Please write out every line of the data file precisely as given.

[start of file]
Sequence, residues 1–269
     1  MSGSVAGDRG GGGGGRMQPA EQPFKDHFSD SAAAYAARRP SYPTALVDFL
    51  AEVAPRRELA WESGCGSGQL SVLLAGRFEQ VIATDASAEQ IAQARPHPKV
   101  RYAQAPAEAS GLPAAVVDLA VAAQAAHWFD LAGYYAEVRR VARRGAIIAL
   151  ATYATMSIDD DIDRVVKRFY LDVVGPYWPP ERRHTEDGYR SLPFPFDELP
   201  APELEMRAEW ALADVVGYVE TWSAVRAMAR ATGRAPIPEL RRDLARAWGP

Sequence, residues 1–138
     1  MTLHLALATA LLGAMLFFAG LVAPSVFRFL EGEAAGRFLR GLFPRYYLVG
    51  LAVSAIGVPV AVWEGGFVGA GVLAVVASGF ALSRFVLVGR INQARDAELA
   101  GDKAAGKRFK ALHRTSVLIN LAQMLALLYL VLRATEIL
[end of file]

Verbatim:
Sequence, residues 1–269
     1  MSGSVAGDRG GGGGGRMQPA EQPFKDHFSD SAAAYAARRP SYPTALVDFL
    51  AEVAPRRELA WESGCGSGQL SVLLAGRFEQ VIATDASAEQ IAQARPHPKV
   101  RYAQAPAEAS GLPAAVVDLA VAAQAAHWFD LAGYYAEVRR VARRGAIIAL
   151  ATYATMSIDD DIDRVVKRFY LDVVGPYWPP ERRHTEDGYR SLPFPFDELP
   201  APELEMRAEW ALADVVGYVE TWSAVRAMAR ATGRAPIPEL RRDLARAWGP

Sequence, residues 1–138
     1  MTLHLALATA LLGAMLFFAG LVAPSVFRFL EGEAAGRFLR GLFPRYYLVG
    51  LAVSAIGVPV AVWEGGFVGA GVLAVVASGF ALSRFVLVGR INQARDAELA
   101  GDKAAGKRFK ALHRTSVLIN LAQMLALLYL VLRATEIL